[0052] The present invention provides a method for making a prognosis about disease course in a human cancer patient. For the purposes of this invention, the term “prognosis” is intended to encompass predictions and likelihood analysis of disease progression, particularly tumor recurrence, metastatic spread and disease relapse. The prognostic methods of the invention are intended to be used clinically in making decisions concerning treatment modalities, including therapeutic intervention, diagnostic criteria such as disease staging, and disease monitoring and surveillance for metastasis or recurrence of neoplastic disease.

[0053] The methods of the invention are preferably performed using human cancer patient tumor samples, most preferably samples preserved, for example in paraffin, and prepared for histological and immunohistochemical analysis.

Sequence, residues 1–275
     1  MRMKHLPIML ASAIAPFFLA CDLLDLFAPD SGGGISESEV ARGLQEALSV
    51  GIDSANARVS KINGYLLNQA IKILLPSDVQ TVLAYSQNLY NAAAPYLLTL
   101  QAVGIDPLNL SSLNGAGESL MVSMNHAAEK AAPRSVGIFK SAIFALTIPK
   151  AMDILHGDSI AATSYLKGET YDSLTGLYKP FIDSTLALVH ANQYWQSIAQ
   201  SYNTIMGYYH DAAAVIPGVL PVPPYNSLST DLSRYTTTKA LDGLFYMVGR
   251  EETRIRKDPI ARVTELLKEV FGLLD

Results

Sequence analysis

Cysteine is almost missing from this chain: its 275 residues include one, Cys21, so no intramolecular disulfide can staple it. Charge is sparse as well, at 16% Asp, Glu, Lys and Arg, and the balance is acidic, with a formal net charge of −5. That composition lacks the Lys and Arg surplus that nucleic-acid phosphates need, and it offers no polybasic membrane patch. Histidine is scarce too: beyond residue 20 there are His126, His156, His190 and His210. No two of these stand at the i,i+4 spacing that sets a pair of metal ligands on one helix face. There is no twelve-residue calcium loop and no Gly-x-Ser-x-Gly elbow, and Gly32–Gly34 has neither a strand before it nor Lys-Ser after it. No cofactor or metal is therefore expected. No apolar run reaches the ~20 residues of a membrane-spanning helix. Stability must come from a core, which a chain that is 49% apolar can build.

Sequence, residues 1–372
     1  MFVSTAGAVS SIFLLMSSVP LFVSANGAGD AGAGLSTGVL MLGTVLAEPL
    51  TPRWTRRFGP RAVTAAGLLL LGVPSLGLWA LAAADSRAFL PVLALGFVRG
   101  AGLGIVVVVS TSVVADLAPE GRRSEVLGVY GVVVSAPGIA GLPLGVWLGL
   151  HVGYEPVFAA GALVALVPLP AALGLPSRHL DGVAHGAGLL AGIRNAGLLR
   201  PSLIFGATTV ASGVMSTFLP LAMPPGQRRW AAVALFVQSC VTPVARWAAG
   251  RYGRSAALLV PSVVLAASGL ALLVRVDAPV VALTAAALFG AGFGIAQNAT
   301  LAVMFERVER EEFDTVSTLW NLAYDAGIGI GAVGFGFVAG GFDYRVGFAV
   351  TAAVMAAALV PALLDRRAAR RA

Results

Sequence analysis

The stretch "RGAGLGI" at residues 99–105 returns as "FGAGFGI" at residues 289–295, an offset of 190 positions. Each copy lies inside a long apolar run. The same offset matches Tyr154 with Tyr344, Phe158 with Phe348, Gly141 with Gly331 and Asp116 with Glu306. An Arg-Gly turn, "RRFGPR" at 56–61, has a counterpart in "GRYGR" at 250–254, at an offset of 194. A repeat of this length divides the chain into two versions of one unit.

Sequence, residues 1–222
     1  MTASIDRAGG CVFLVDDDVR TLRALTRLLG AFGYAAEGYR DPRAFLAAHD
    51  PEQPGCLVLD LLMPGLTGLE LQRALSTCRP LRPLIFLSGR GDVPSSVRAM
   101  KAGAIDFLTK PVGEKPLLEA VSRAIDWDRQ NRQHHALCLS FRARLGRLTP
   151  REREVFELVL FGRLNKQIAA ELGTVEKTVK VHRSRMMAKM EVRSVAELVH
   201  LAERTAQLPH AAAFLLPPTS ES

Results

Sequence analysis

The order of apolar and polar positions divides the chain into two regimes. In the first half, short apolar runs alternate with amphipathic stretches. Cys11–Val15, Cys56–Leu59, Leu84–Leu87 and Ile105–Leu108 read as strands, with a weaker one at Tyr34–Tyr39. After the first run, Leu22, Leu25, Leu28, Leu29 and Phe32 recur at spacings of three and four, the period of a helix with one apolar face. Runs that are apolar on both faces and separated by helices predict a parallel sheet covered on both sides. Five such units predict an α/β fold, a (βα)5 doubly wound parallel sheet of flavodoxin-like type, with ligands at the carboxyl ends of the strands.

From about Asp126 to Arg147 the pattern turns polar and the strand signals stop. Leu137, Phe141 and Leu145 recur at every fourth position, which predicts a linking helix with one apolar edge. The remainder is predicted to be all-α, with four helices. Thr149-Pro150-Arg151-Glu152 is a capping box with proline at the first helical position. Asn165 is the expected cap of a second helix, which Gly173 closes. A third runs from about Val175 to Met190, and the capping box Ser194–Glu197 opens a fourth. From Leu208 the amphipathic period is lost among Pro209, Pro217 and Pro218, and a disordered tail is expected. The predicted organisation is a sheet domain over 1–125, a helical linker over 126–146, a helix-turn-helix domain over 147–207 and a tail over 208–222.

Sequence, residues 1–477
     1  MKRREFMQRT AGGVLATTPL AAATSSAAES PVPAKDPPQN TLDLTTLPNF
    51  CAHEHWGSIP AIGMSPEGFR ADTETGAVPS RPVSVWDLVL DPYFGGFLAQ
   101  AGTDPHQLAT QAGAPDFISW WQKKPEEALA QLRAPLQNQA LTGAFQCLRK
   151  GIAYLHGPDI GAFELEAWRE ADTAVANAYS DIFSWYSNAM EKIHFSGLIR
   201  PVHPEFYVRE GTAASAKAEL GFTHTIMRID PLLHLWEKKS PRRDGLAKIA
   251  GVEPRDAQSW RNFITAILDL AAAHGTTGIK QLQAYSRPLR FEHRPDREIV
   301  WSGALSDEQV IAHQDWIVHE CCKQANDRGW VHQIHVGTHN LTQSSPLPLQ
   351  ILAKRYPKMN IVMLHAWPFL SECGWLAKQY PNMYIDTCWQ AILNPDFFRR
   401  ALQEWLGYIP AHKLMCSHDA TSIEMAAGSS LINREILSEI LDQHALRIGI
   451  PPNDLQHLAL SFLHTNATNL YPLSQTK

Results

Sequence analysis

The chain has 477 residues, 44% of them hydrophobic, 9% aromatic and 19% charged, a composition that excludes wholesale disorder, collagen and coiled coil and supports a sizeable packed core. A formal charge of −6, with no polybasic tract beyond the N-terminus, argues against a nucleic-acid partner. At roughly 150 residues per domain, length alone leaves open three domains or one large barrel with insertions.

[0054] For the purposes of this invention, the term “tumor sample” is intended to include resected solid tumors, biopsy material, pathological specimens, bone marrow aspirates, and blood samples comprising neoplastic cells of hematopoietic origin, as well as benign tumors, particularly tumors of certain tissues such as brain and the central nervous system. One of ordinary skill will appreciate that samples derived from solid tumors will require combinations of physical and chemical/enzymatic disaggregation to separate neoplastic cells from stromal cells and infiltrating hematopoietic cells, while hematopoietic tumor samples including leukemias and lymphomas will be obtained as mixed cell populations in blood, serum or plasma, and will require separation from non-neoplastic components thereof, particularly from red blood cells that can be lysed by treatment with hypotonic solutions and from other nucleated cells, whereby separation is achieved by differential centrifugation and other methods known in the art.